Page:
Our final Big Island adventures.
We all woke early, during a brief spurt of sunshine and packed up camp. Then the rain started. We were planning the crater chain hike, but motivation was low. When we arrived, our interest dropped to zero upon discovering the trail required backcountry permit. We decided to wander aimlessly around the park instead, stopping at many of the less advertised stops.
I found it curios how the trails are setup on this island. I do not fully understand the draw to certain areas. Numerous trails led you to exposed lava rock, with no water, that would be radiating heat when sunny and completely lifeless without sun, and no grand vistas. Strange trails. Not that I am against hiking for hiking’s sake. But these trails are well established routes. I suppose my spoiled mainland life leaves me looking down on building trails where space is available instead of building trails where interesting nature happens. It would be incredibly challenging to live in a place where a year of weekend adventures could completely exhaust all hiking avenues. As a visitor it is fantastic, but as a resident, I would find these islands to eventually feel too small. I have always been a wanderer though.
We stopped at Mauna Ulu. I purchased a trail guide and regaled the group with its super neat back-history. Namely, the pamphlet detailed the timing, quantity, close call of life, changes to landscape, and lava tree formation of Mauna Ulu’s eruption between 1969-1974. It produced over 350 million cubic meters of lava! The flows covered approximately 44 square kilometers, and in some places the lava pooled almost 8 meters deep. Like the flickering of a flame, lava is even more tantalizing. I read once that in cultures where fire is used regularly as a tool, people generally stop revering fire once they have mastered how to create, maintain, and extinguish a flame, about the age of seven. But I don’t know if I completely agree, because I know how to do those things, and yet I find fire to be mesmerizing. And lava even more so. Maybe I need to gain a higher level of understanding about large fires to satiate that curiosity.
We also stopped at Devastation Trail. This path leads through a still recovering dense rain forest to the 1959 eruption site of Kilauea Iki crater in 1959. A fissure eruption that produced towering lava fountains, reaching almost 500 meters into the sky. Remnants remain today of Pele’s hair and Pele’s tears formed from the spurting lava. Today it was a cold and soggy cloud enclosed tunnel of trees.
Having exhausted the remaining places to visit, we headed for the visitor center and our final exit. The power was back and I wandered through the gift shop, collecting mementos. What a worthy place to visit. We even saw three nene while driving this morning. No photos, but every time I saw this Hawaiian native goose, I kept singing “now watch me whip, whip, now watch me nene.”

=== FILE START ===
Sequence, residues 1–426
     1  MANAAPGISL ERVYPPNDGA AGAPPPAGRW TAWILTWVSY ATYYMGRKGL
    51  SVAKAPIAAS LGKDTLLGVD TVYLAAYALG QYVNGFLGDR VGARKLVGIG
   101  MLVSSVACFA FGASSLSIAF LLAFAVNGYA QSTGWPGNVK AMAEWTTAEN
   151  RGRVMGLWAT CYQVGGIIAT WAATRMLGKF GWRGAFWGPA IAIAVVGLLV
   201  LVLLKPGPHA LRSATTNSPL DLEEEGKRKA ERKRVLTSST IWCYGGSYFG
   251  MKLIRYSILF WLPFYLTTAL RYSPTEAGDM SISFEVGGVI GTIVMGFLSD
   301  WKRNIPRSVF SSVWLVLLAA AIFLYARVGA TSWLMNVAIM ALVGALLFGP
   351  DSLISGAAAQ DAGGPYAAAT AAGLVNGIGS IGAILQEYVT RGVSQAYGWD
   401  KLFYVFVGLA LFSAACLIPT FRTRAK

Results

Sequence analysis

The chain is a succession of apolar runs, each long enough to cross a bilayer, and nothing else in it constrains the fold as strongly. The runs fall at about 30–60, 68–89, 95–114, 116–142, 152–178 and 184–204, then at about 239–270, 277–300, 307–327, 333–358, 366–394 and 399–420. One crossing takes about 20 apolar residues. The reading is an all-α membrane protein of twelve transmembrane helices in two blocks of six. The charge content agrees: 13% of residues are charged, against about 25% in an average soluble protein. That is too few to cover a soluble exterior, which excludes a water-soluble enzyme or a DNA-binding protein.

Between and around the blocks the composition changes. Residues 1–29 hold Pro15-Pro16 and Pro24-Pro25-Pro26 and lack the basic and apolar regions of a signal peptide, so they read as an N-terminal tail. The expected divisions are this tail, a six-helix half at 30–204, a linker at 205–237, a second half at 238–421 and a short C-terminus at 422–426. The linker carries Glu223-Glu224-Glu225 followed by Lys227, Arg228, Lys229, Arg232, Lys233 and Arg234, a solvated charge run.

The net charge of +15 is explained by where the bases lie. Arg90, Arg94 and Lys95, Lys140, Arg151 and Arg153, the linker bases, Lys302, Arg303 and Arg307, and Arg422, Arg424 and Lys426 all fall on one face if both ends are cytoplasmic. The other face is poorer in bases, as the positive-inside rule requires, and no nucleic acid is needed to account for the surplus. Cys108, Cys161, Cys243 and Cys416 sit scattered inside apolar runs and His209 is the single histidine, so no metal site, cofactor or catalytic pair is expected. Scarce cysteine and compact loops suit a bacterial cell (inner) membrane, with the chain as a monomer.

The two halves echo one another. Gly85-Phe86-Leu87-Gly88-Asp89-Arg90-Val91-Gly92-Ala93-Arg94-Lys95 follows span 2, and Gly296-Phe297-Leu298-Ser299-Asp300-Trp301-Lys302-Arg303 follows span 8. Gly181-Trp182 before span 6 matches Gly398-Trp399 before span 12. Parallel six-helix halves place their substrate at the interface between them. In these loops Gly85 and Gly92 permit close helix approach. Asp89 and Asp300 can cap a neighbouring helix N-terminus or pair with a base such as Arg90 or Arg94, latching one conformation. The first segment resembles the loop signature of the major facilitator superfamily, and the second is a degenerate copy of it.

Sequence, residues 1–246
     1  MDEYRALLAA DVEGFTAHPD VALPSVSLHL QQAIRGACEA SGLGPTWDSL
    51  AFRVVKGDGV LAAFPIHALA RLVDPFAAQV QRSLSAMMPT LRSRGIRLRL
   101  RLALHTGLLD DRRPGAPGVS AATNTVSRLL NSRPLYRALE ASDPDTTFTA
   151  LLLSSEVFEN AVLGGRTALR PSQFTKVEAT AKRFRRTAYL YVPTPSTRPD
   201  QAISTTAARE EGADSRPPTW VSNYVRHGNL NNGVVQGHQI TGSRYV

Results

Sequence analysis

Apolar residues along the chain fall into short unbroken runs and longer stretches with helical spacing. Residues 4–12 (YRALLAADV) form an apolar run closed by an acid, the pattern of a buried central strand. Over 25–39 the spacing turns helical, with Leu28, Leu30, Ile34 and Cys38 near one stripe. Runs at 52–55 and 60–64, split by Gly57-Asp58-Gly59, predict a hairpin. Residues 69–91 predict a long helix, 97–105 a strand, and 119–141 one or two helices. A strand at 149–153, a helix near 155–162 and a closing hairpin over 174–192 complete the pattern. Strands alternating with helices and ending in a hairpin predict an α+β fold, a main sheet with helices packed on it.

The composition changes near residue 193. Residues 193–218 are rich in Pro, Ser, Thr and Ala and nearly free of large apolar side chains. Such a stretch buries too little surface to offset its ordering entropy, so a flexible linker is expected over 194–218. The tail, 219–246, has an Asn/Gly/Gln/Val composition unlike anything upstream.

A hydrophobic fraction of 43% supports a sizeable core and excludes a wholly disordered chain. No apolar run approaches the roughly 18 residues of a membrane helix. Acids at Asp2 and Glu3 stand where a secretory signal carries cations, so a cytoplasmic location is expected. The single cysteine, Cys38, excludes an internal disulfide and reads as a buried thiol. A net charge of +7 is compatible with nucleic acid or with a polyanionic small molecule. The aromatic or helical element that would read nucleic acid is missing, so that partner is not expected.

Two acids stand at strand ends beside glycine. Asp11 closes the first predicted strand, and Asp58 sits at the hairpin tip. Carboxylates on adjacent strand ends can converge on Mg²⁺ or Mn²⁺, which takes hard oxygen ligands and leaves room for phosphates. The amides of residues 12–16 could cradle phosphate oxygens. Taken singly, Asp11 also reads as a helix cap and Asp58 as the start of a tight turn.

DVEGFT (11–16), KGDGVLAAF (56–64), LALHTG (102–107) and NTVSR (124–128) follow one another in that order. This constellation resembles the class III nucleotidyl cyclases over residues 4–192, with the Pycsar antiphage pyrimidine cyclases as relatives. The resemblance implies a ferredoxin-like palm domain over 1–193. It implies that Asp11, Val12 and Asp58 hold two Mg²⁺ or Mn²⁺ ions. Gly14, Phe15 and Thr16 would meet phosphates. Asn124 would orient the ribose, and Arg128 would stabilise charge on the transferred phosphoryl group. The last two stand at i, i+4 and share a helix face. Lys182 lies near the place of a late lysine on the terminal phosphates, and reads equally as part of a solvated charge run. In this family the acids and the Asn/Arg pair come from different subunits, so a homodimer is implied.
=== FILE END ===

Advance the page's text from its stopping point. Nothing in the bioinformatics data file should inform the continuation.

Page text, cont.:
We drove back to Hilo, the rain continuing the rest of the day, clouds blanketing our views. We took one last jaunt through town, eating lunch at the boochery. I had a delectable roasted veggie sandwich on sourdough, with sweet potato salad, and beet booch mixed with super ginger tonic booch. Yum!
It seemed like every shop and store were closed from the weather. Everyone taking the day to curl up with a hot drink and book. Really it was just a Sunday, and Hilo seems to close down that day. Luckily the coffee shop was open, so we went for a second round of ice cream. I also bought a breakfast cookie! So excited! The ingredients are like my own dense cookie pucks. We waited out the rain a little while with a crossword. We pretty much killed it with four brains at work.
My sister and I dropped Libby and Jack off for their flight. They were able to catch an earlier flight. It was fantastic seeing them! We tried to give them all our leftover food and snacks to take home. I hope to visit again soon to continue exploring the other islands. Erika and I continued our drive. We thought we could gain some ground to shorten the remaining distance tomorrow. Our hope was to explore Kona a bit more.
We took several side trips. A highlight was the Ka’u coffee plantation. I learned that macadamia nuts were once named “donkey balls” by earlier voyageurs when they visited the islands. They let us explore the coffee drying area. They also claim to be the oldest plantation on Hawai’i island. I found it difficult to fact check that information. I am not much of a coffee drinker. Honestly it makes me feel anxious and sweaty. But they had samples out of all the different bean types and roasting options. It was pretty neat to actually try a variety and compare the flavors. I even felt motivated to buy my favorite flavor as a gift. Hopefully my untrained taste buds serve me well! The best part was samples of macadamia nut brittle! Delicious! This was a neat side trip.